Earlier this week Microsoft announced the public release of their Windows IoT Core embedded OS, currently supporting the Raspberry Pi 2 and Intel’s MinnowBoard Max development boards. When the project surfaced earlier this year Microsoft’s shift towards the Internet of Things became unequivocal. The new OS is fully integrated with the existing Windows development framework that is familiar and well established.
The Windows 10 IoT Core is scarcely featured compared not only to mainstream Linux distributions for embedded devices but to the rest of the Windows family as well. Let’s see what this all means.
The OS does not offer a shell meaning that control over the device running it is very limited – it is not possible to develop or run apps directly from the board and installing drivers is out of the question. The main interaction method with the device is via a web interface which displays complete information about the device and resources, and enables access several settings and running of apps. So what’s it actually good for, one might ask.
The spartan feature set offered by the IoT Core reminds us of the long decommissioned (but not quite) Windows Embedded editions with origins that can be traced back to 1996. These OSes were designed for devices that served very specific purposes and had limited processing resources compared to standard PCs – precisely what today’s microcomputers represent. In fact a myriad of Windows Embedded versions can still be found on ATMs, elevator controllers, storefront terminals, handheld devices and countless more types of hardware.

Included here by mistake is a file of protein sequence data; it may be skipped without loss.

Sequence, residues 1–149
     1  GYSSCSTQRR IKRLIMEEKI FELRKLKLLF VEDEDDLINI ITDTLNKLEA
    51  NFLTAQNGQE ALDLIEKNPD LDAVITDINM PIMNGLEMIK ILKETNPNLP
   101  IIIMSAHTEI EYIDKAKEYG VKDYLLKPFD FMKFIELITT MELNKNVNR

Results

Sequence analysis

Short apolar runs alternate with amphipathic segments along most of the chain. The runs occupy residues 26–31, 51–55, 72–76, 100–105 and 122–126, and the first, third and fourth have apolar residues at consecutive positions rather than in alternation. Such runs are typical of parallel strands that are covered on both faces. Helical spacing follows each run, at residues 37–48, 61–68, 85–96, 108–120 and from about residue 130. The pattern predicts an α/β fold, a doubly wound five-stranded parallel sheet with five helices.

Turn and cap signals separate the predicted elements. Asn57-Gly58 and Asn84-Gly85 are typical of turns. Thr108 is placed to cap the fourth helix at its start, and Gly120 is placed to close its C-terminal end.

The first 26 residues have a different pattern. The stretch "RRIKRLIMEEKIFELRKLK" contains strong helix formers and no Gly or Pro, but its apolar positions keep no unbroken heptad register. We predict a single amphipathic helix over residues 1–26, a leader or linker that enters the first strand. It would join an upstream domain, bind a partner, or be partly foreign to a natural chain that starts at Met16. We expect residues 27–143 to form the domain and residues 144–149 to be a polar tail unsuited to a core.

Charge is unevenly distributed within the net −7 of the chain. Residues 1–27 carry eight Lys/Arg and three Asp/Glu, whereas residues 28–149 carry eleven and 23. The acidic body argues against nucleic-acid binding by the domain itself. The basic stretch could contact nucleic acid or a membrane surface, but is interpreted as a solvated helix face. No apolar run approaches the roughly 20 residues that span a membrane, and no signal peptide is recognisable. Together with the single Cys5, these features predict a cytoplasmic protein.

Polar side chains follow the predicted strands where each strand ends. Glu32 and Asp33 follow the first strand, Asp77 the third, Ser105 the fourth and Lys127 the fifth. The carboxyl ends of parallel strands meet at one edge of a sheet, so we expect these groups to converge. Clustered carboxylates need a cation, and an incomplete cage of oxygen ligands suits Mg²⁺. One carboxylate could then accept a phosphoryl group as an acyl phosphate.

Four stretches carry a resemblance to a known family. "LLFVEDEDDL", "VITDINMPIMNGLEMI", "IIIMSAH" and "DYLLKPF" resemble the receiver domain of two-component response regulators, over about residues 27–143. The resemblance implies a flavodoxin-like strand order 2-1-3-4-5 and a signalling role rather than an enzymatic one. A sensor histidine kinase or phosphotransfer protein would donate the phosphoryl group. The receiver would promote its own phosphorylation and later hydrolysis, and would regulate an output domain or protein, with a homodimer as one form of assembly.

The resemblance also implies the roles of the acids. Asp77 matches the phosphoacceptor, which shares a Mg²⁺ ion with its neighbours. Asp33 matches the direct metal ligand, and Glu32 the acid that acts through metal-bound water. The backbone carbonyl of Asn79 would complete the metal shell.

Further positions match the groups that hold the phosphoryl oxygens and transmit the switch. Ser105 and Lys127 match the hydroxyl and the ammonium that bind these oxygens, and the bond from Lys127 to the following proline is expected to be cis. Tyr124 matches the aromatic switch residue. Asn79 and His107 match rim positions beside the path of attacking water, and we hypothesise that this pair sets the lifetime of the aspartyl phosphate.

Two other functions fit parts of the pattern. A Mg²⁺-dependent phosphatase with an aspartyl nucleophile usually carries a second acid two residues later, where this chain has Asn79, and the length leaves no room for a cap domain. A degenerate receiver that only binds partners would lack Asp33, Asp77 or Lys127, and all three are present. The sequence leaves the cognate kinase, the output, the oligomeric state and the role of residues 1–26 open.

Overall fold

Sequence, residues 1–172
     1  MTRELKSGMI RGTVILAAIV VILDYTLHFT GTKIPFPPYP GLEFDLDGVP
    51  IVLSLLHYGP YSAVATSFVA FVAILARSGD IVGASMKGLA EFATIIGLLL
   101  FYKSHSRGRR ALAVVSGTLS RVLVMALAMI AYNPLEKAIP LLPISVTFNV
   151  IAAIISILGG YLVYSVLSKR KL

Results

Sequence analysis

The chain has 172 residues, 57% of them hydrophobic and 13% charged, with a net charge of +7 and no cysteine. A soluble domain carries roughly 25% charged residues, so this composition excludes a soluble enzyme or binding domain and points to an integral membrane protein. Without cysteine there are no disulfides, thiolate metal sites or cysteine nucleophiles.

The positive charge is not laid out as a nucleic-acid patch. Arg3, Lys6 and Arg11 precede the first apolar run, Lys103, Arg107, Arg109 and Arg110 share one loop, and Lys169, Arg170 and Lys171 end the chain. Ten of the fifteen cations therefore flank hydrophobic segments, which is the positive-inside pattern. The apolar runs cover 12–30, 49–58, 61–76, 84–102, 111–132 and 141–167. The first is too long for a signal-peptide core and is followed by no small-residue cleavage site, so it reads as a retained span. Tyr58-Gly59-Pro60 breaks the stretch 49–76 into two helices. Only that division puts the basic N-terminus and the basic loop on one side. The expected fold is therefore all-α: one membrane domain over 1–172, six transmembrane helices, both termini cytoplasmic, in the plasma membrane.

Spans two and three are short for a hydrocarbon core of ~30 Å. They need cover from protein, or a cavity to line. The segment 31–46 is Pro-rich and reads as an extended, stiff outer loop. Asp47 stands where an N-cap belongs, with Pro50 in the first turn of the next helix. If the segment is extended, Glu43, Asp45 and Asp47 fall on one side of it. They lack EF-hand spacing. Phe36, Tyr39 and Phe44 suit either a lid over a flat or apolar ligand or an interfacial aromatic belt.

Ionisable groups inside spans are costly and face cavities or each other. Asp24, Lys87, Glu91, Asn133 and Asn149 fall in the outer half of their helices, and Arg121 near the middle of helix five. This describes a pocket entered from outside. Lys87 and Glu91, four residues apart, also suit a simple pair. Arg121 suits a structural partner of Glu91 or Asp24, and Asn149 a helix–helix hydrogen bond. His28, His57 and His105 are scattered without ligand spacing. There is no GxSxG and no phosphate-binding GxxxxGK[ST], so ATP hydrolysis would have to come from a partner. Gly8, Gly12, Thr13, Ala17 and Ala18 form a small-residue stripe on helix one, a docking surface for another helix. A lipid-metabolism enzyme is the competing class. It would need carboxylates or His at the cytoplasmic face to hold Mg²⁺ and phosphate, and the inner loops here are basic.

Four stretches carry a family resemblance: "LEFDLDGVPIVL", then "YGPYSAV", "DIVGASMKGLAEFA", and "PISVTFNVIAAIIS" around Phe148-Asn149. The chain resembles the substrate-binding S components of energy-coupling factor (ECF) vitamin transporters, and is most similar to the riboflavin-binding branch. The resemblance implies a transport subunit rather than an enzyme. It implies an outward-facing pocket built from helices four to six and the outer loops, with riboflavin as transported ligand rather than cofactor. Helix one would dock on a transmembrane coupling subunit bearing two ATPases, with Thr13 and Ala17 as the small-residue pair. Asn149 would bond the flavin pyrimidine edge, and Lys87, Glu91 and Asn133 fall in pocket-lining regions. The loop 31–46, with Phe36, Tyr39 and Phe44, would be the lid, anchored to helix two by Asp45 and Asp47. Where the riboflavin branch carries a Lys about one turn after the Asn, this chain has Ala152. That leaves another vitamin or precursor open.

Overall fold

From the diagram above it is apparent that Windows 10 IoT Core is the first in a series of products aimed at filling the void left by XP Embedded and providing an unified experience in every aspect of the software development life cycle.
The recently released Visual Studio 2015 Community Edition IDE can be downloaded for free. It fully supports IoT Core APIs and lets you program in the language of your choice – C++, C#, VB or JS.
Windows 10 IoT Core may not be yet as versatile as most Linux distributions we are all accustomed to, and which benefit from a considerable head start in the Maker community, however I do believe that it has all the premises to become one of the popular alternatives in the field.
Indeed there are problems with hardware support and the development process may seem pretty counterintuitive at times, but judging by the progress made compared to the preview release from late April I’m sure that things will be improved relatively soon.
Stay tuned as I will post an in-depth review in the following days.